This book is interesting to read once because it is the only book yet to exclusively document the 2001-2003 WWE era, which saw a change in name, change in stars, and a downfall in success that the WWE has arguably never recovered from.
When it sticks to strictly facts, it's fascinating, particularly the behind the scenes material involving Steve Austin, Vince McMahon, and others.
However, the author is mean-spirited and, worst of all, completely unwilling to adjust his clearly pre-set opinions. A few points:
- In this author's mind if a wrestler is older, they're bad; if they're new, they're good, and nothing at all changes that. While points can be made for guys hogging the spotlight, the author is unwilling to give credit even when the guys on top do have excellent matches. (HIAC with Taker-Lesnar, Michaels-HHH).
- His attitude during the entire book can be summed up by his ridiculous analysis of the HHH-Michaels Summerslam match, where he manages to accuse HHH of sponging off Michaels (as if anyone could have a great match with someone who hadn't wrestled in 4 years), insult Michaels for not jobbing to a younger man (as if the fans wanted to see Michaels come back simply to lose), and then criticize both men for putting on too good a match (??).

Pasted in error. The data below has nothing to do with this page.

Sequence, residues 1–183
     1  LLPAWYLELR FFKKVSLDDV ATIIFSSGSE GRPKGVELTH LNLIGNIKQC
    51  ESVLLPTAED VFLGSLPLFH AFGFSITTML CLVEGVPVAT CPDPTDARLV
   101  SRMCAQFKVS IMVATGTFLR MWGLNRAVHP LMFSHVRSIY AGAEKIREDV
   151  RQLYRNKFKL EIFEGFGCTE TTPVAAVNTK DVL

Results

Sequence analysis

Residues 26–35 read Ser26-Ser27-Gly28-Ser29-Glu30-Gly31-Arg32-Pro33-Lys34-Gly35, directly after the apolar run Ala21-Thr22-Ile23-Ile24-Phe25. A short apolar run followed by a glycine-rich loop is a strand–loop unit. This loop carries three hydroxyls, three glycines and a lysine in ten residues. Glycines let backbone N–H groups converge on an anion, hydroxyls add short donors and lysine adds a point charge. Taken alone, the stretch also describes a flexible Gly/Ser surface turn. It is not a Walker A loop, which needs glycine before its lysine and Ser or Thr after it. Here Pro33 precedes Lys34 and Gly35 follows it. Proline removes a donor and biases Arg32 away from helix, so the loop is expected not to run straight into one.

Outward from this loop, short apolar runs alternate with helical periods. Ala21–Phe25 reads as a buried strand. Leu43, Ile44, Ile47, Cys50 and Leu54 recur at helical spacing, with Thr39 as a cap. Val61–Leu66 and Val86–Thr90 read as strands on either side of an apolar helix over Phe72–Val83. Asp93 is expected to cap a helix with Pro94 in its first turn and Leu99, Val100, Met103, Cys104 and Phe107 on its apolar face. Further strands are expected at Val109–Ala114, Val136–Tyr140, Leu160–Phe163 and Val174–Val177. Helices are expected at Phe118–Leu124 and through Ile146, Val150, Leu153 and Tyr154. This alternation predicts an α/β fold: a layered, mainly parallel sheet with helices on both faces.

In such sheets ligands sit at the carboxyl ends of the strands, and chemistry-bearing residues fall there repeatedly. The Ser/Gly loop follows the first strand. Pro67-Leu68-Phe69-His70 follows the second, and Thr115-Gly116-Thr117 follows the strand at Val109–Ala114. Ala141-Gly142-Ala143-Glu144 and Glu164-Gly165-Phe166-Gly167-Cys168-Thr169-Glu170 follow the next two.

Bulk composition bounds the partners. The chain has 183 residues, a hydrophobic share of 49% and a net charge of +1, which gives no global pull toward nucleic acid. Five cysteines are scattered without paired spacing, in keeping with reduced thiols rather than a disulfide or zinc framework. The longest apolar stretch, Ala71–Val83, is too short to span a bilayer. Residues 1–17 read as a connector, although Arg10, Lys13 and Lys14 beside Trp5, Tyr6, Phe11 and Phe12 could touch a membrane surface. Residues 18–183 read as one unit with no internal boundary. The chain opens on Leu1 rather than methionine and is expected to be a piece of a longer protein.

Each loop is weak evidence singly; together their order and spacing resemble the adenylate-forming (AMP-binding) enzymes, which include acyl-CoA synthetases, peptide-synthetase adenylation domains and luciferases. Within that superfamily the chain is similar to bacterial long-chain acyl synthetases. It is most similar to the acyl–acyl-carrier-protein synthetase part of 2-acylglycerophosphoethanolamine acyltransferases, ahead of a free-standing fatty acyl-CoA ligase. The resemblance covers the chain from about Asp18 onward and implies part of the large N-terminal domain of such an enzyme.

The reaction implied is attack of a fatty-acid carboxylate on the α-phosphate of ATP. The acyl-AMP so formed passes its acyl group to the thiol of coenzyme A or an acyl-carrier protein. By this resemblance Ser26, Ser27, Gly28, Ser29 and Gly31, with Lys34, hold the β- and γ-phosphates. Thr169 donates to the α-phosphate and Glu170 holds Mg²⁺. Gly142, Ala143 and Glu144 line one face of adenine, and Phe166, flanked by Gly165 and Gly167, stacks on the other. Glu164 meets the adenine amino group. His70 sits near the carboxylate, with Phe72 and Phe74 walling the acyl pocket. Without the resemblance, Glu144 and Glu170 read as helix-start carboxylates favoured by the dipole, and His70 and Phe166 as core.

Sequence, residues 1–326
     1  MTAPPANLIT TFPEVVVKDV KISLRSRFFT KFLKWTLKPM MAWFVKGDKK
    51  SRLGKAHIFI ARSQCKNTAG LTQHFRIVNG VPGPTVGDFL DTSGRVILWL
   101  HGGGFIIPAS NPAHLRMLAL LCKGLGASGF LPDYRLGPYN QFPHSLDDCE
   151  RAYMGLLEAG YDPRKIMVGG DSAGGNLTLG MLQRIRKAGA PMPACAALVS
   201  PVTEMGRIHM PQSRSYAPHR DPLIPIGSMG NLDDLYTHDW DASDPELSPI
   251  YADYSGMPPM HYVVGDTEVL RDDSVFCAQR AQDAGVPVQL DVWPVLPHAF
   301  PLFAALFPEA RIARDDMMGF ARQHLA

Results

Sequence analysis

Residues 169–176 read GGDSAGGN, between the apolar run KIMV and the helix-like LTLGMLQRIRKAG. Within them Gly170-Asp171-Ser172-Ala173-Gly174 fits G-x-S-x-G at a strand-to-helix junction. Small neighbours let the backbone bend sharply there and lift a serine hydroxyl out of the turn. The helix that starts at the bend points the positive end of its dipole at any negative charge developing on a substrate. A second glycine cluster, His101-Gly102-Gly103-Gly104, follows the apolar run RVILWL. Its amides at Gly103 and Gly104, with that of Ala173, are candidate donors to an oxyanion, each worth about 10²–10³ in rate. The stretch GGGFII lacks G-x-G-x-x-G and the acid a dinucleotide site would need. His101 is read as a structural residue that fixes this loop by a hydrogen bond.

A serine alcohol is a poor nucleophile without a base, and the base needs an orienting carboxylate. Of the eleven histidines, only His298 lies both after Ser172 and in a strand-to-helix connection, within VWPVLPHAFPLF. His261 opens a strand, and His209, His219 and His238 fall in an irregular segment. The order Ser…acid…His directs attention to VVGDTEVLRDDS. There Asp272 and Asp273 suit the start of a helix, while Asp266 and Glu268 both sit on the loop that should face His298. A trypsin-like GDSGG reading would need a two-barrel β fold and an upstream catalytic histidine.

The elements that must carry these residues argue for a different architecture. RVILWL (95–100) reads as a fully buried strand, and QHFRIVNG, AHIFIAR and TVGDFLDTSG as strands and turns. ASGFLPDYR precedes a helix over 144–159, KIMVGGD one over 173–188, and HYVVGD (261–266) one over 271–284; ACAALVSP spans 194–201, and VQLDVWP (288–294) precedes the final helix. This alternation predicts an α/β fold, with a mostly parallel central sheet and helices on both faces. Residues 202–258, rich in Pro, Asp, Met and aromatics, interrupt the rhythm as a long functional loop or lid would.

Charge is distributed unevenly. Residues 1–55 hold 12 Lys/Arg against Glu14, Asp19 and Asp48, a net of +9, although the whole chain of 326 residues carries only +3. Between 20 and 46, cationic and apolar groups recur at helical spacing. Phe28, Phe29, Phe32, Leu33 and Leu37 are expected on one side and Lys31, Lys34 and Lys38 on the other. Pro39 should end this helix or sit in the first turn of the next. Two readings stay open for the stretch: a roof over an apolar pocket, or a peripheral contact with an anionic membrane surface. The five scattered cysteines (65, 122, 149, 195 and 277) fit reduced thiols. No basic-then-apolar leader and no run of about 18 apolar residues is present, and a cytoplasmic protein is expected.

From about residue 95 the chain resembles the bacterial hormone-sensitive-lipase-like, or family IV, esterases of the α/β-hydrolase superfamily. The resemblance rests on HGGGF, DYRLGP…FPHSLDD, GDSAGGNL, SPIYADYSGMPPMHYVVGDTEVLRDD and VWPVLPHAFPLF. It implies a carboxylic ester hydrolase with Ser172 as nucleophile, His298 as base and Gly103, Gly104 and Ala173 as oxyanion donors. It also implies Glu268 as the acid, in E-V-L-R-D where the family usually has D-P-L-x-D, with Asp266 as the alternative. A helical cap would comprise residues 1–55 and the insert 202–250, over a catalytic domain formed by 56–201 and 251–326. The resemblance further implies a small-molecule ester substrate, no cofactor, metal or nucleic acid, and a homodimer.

- This book has aged very badly. Considering the years following its publication have produced the botched Goldberg WWE run, JBL's title run, and the endless John Cena era, in hindsight Hogan VS. Rock and a couple of bad Undertaker-Austin matches don't come off so terribly. Also, the author's endless praise of Brock Lesnar now seems stupid considering Lesnar's (deserved) reputation now as a wrestling flash-in-the-pan.
An interesting read, it would be nice to have an updated book written by an author less rigid and hateful.